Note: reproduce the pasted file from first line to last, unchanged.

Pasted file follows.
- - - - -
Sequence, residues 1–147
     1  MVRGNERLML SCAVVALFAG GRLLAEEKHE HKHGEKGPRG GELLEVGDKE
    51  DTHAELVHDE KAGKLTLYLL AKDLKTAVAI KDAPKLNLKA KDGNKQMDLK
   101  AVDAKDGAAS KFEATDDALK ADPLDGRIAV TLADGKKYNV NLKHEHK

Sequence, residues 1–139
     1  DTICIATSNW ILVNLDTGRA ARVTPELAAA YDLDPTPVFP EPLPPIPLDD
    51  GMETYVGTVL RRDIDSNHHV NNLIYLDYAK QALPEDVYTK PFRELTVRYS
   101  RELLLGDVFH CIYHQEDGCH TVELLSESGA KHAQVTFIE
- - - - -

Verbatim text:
Sequence, residues 1–147
     1  MVRGNERLML SCAVVALFAG GRLLAEEKHE HKHGEKGPRG GELLEVGDKE
    51  DTHAELVHDE KAGKLTLYLL AKDLKTAVAI KDAPKLNLKA KDGNKQMDLK
   101  AVDAKDGAAS KFEATDDALK ADPLDGRIAV TLADGKKYNV NLKHEHK

Sequence, residues 1–139
     1  DTICIATSNW ILVNLDTGRA ARVTPELAAA YDLDPTPVFP EPLPPIPLDD
    51  GMETYVGTVL RRDIDSNHHV NNLIYLDYAK QALPEDVYTK PFRELTVRYS
   101  RELLLGDVFH CIYHQEDGCH TVELLSESGA KHAQVTFIE